This study offers an enhanced understanding of similarities between adolescent friends in relation to their socioeconomic background, which has previously been scarce in the literature . In-depth phenotyping allowed analyses of weight status and body composition as well as 12 weight-related indicators including sociodemographic characteristics. Another strength of the current study was the participation of 6 distinctly different countries, contributing to diversity in terms of sociodemographic characteristics of adolescents. However, the country-based data may be both a strength and a weakness. Results stratified on the basis of the 6 survey samples cannot be generalized to national levels, and country-specific findings must be considered with caution. The restriction to friends from the I.Family study may underestimate the true associations if influential friends are not included. The implicit restriction to school friends may also produce an overestimation if schoolmates are more similar than friends from other social environments. However, we find associations regarding both school-related aspects and school-independent variables, such as being bullied and sports club participation, respectively. Due to the cross-sectional nature of this study we could only assess associations between friends, and not distinguish between the situations where friends affect the source child’s behavior, and where children make friends because they already share certain properties.
Adolescent friends shared several weight-related characteristics. BMI and body fatness appeared to have a socioeconomic component, in which between-friend associations were stronger in adolescents with high parental education. A number of other traits were correlated among friends, the strongest being sports club participation, screen time, and being bullied. Correlations regarding these traits did not vary by parental education. Moreover, family-level sociodemographic characteristics themselves tended to be similar among friends. Specifically, adolescent friends clustered by parental education and non-native background in most survey countries. These results confirm that aggregation by social as well as weight-related factors is already occurring in adolescence, highlighting the importance to direct health promotion initiatives in adolescents towards peer groups in both school-related and leisure-time environments. The similarities among adolescent friends may be a foreshadowing of social inequalities in future relationships [41-43].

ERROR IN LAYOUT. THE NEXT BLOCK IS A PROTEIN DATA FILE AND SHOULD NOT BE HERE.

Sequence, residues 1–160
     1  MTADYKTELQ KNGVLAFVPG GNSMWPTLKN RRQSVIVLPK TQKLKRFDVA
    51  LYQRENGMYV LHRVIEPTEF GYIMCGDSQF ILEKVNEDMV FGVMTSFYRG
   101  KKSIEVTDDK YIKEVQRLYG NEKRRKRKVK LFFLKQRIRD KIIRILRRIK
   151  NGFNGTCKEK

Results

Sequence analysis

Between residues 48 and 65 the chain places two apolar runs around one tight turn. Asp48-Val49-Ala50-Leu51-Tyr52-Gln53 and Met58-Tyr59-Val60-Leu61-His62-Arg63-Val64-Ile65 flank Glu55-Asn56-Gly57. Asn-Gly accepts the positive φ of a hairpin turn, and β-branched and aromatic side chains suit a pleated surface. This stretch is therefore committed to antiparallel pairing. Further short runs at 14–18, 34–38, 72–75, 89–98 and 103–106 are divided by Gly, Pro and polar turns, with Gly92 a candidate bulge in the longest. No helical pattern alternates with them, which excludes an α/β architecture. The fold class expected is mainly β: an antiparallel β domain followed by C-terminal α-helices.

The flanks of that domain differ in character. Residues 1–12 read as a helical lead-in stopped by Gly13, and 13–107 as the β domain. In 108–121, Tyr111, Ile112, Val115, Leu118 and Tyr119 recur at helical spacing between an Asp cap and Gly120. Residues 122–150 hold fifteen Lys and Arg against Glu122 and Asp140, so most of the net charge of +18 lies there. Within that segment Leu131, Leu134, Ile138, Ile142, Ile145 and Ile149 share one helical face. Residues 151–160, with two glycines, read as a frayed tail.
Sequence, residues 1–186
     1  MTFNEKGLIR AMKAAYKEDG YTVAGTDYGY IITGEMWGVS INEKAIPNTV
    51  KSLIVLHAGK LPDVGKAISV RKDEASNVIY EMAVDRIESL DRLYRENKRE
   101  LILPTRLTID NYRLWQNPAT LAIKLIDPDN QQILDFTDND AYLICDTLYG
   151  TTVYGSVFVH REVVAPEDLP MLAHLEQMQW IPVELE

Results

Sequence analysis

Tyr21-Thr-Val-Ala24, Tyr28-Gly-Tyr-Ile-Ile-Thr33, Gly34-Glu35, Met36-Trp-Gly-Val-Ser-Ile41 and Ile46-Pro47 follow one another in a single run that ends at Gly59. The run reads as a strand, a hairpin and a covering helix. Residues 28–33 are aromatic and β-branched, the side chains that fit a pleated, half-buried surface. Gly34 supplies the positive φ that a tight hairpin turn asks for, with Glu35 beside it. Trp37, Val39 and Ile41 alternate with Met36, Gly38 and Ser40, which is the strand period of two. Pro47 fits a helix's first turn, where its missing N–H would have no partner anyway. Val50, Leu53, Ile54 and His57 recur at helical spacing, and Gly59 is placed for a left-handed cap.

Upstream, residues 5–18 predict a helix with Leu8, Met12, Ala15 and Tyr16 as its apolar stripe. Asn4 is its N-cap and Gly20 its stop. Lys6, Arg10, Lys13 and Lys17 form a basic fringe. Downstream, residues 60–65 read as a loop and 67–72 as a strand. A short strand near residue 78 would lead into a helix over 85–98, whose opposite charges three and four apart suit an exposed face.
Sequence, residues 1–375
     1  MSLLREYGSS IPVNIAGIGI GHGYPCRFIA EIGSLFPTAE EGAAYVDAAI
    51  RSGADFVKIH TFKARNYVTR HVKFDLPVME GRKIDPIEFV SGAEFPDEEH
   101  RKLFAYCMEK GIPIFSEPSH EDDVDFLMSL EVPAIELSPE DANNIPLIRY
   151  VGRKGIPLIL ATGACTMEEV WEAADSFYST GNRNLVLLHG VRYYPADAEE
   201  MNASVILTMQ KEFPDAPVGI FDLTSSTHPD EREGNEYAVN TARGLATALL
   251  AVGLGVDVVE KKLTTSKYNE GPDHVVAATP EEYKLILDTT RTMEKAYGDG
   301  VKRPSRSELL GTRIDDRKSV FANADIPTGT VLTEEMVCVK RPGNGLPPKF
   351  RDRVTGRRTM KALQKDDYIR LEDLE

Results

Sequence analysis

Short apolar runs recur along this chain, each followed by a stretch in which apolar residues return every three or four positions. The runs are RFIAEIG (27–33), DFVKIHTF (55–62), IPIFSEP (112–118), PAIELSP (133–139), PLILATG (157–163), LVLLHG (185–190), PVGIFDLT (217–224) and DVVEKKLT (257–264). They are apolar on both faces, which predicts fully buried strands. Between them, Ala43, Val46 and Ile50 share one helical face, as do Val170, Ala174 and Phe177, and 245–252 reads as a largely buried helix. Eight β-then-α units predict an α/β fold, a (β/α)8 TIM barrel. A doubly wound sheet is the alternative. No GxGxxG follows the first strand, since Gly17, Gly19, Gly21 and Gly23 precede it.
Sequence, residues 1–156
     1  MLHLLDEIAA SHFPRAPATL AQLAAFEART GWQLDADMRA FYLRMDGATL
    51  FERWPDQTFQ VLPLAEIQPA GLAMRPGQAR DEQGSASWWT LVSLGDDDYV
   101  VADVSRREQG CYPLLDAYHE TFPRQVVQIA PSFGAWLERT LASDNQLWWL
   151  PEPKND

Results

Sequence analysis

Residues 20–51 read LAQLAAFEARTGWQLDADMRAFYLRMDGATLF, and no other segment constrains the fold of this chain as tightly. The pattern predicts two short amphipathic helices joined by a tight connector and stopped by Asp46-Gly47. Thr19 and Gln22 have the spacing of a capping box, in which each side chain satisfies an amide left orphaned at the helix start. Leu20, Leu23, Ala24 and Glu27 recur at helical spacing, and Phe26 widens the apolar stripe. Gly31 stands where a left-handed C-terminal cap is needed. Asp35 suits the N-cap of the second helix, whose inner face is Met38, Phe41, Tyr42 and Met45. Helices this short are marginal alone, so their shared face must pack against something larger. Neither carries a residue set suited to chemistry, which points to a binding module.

We thank the children and parents who participated in the examinations of the IDEFICS-I.Family cohort study.
Statement of Ethics
This study was conducted according to the guidelines of the Declaration of Helsinki, and all procedures involving human subjects were approved by the responsible local or national Ethics Committees for each of the study centers conducting the fieldwork. Parents and adolescents gave written informed consent for all examinations as well as for the collection and storage of personal data. They could consent to single components of the study while refraining from others.
Conflict of Interest Statement
The authors have no conflicts of interest to declare.
This work was conducted as part of the IDEFICS (http://www.idefics.eu) and I.Family studies (http://www.ifamilystudy.eu/). The authors gratefully acknowledge the financial support of the European Commission within the Sixth RTD Framework Program Contract No. 016181 (FOOD), and the Seventh RTD Framework Program Contract No. 266044, and funding within the EpiLife research program (Swedish Research Council for Working Life and Social Research; grant No. 2006-1506), Swedish Research Council for Environment, Agricultural Sciences, and Spatial Planning (grant No. 2012-00038), and Swedish Research Council (grant No. 2015-02508).
L.L., E.E., C.Ha., J.K., F.L., N.M., I.P., L.A.R., and T.V. represent the consortium that initiated the IDEFICS/I.Family study and collected the data. L.L., K.M., C.Ho., L.H.B., A.H., and J.K. developed the research question and the design for this project. K.M. performed the statistical analyses and wrote the first draft of the manuscript. All authors read, commented on, and approved the final manuscript.